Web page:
Transcription Tuesday 2020: West Midlands Police Records

By Guest, 17 January 2020 - 10:36am

Corinne Brazier of the West Midlands Police Museum explains how you can help transcribe 19th century police records

The records provide a detailed account of West Midlands policemen's careers
The records provide a detailed account of West Midlands' policemen's careers (Credit: Ancestry)

This is one of four projects that we are supporting as part of our fourth annual Transcription Tuesday event on Tuesday 4 February 2020. Click here to learn about the other three projects.

 

The records held by the West Midlands Police Museum offer a fascinating insight into policing and social history all the way back to the 1830s.

With over £125m in recent budget cuts, the force could never justify spending money on digitising and indexing its historic records and without an index, many of them cannot not be searched or utilised fully.

Enter Ancestry: the company's offer to scan vast portions of our historic records in return for sharing some of them for free on the Ancestry World Archives Project was an offer too good to refuse.

The indexing of these records is a vital part of completing the puzzle that will unlock these records to allow us to trace individuals for genealogy enquiries and further our knowledge of policing throughout the 19th century.

The records comprise various sets of personnel records and prisoner mugshots.

The personnel records range from an early index of the first officers to patrol the streets of Birmingham in 1839, to a more comprehensive one page summary used from about 1900 up to the early 1970s, which contains a huge amount of data for each officer: including where they were from, early occupation, marriage details, height, hair and eye colour, posting history, medical history and promotions.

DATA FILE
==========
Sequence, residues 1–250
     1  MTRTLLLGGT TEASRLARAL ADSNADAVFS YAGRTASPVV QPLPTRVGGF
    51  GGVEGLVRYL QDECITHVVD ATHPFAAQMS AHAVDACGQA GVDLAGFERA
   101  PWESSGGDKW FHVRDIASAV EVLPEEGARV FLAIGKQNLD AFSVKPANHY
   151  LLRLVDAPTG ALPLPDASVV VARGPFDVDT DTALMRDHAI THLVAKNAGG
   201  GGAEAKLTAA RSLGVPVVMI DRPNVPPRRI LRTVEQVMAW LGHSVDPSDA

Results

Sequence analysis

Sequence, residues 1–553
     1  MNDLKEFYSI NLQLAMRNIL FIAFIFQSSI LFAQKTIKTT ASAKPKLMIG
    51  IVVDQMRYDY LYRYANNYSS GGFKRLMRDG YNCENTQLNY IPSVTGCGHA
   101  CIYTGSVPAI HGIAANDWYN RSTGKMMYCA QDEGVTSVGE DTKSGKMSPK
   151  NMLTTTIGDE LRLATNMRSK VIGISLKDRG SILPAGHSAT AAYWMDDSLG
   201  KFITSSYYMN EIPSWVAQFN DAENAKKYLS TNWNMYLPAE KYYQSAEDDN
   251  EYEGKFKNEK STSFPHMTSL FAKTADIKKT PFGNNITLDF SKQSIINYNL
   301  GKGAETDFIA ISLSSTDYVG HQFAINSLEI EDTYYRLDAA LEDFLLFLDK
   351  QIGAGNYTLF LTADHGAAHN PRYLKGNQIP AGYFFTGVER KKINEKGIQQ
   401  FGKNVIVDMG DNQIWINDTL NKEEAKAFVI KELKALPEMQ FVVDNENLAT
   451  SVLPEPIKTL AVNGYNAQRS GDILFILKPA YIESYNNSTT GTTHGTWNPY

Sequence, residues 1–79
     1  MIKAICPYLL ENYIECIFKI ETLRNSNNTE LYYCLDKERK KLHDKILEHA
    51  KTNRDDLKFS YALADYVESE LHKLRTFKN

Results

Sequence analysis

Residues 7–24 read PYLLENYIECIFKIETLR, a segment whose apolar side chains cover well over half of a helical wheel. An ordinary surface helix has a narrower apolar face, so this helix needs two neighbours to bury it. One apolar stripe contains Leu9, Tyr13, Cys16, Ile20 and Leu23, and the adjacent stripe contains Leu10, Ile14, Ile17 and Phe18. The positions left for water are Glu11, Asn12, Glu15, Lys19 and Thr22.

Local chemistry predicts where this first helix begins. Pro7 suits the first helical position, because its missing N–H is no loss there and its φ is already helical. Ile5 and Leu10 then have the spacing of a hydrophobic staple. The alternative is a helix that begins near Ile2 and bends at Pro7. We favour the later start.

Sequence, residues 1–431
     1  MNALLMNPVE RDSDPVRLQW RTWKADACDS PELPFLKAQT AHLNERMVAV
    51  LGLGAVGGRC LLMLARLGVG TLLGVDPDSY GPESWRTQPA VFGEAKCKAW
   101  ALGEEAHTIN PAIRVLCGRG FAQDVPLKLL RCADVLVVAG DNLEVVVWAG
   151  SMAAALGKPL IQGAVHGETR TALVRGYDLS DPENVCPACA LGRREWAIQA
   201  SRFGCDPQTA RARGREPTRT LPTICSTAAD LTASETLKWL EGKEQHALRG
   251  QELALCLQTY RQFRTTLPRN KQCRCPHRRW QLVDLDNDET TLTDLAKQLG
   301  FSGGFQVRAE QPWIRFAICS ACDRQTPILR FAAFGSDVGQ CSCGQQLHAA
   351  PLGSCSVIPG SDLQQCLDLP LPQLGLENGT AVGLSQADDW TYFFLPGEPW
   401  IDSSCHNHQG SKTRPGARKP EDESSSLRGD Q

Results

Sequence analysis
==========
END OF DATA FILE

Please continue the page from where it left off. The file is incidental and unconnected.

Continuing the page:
These records allow us to tell the story of policing in Birmingham from its inception, giving us the nationalities of the early officers and showing the social dynamics of the force.

They show what kind of injuries officers suffered on duty and sadly, how often they would die whilst serving - either through injury, illness, old age or simply exhaustion from the demands of the job.

Information about the project and how to get started is available on the World Archives Project.

Note that you will need to download Keying Tool 2.0, the free transcription software, onto your computer.

You will also need to be an Ancestry user or register for a free guest account.

Once you have downloaded the software, you will use it to view the records.

There are three main types: Register, Record and Page 2.

You will need to enter key details on each police officer, including their name, date of birth, and dates of joining and leaving the police.

Get full instructions on transcribing the West Midlands Police records

 

 

 

Get all the latest Transcription Tuesday news and updates with our free email newsletter:

Transcription Tuesday 2020: Stobs Camp prisoner records
previous news Article
Transcription Tuesday 2020: Royal Navy First World War Lives at Sea
next news Article
Transcription Tuesday 2020: Stobs Camp prisoner records
previous news Article
Transcription Tuesday 2020: Royal Navy First World War Lives at Sea
next news Article
We use cookies to improve your experience of our website. Cookies perform functions like recognising you each time you visit and delivering advertising messages that are relevant to you. Read more here